Morning Edition

Weekdays at 5-9 AM
  • Hosted by Renee Montagne, Steve Inskeep

Waking up is hard to do, but it’s easier with NPR’s Morning Edition.  Hosts Renee Montagne and Steve Inskeep bring the day’s stories and news to radio listeners on the go. Morning Edition provides news in context, airs thoughtful ideas and commentary, and reviews important new music, books, and events in the arts.  All with voices and sounds that invite listeners to experience the stories. The range of coverage includes reports on the Supreme Court from Nina Totenberg; education from Claudio Sanchez; health coverage from Joanne Silberner; and the latest on national security from Tom Gjelten. Steve and Renee interview newsmakers: from politicians, to academics, to filmmakers.  In-depth stories explore topics like “digital generations” about the effect of technology on the way we live; special series delve into the intersection of science and art, and find untold stories of the country’s Hidden Kitchens.  Morning Edition, it’s a world of ideas tailored to fit into your busy life.

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DAVID GREENE, HOST:

Moscow City Hall Offers Handyman Services

Mar 12, 2015
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RENEE MONTAGNE, HOST:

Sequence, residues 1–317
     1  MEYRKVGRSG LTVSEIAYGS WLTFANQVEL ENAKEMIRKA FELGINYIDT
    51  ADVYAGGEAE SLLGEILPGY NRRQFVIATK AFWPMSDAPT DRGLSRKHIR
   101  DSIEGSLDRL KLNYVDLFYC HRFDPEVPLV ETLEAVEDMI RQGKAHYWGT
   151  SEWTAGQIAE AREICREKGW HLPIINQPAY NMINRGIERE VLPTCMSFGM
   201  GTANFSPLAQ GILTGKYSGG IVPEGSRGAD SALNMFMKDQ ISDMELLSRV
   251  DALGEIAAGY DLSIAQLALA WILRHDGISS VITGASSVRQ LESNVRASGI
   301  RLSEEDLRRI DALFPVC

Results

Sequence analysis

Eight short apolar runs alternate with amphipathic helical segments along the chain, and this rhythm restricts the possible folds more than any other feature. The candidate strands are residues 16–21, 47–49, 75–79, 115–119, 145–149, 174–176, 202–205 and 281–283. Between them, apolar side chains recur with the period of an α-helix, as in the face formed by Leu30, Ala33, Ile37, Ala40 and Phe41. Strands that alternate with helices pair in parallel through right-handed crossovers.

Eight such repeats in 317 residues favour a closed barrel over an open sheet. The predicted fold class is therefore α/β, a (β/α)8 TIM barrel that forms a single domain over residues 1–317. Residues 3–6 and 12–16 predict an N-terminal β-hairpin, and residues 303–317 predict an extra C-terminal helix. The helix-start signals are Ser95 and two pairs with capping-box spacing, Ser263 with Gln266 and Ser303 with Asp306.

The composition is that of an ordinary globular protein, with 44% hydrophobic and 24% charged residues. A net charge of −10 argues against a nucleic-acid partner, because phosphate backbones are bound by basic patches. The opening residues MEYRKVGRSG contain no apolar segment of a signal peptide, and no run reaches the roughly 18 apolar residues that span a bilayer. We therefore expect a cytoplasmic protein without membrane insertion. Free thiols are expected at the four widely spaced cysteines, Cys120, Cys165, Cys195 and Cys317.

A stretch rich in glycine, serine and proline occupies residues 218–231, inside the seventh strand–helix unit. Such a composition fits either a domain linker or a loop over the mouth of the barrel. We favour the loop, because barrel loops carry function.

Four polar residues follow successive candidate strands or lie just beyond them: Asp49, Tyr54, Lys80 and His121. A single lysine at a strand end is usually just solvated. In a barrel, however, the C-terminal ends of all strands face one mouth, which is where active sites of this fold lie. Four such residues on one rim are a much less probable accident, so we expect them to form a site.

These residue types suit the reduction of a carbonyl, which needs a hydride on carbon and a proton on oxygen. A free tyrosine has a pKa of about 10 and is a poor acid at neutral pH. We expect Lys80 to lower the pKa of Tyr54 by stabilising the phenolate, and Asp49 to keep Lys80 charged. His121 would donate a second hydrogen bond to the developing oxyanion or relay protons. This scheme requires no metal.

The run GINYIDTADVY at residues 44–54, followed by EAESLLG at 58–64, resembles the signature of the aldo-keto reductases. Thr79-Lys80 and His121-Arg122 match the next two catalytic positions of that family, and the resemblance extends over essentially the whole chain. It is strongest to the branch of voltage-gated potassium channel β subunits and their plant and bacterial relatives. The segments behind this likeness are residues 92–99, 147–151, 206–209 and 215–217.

Lesson To Learn: Keep Your Eye On The Ball

Mar 12, 2015
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STEVE INSKEEP, HOST:

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Copyright 2015 NPR. To see more, visit http://www.npr.org/.

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RENEE MONTAGNE, HOST:

Copyright 2015 NPR. To see more, visit http://www.npr.org/.

Lost Love Letter Resurfaces After 70 Years

Mar 11, 2015
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RENEE MONTAGNE, HOST:

Copyright 2015 NPR. To see more, visit http://www.npr.org/.

During a decade of war, U.S. troops relied on interpreters — thousands of Iraqis and Afghans — who worked and often fought alongside Americans.

Many of them were promised visas to the U.S. but they have been waiting for years with no answer. Now, nine Iraqis are suing the U.S. government to get their status resolved.

All the Iraqis in the lawsuit go by code names because of ongoing threats to their lives.

Plaintiff Alpha was in an ambush with U.S. troops and got shot in the back, but he continued to work with the U.S. military after he recovered.

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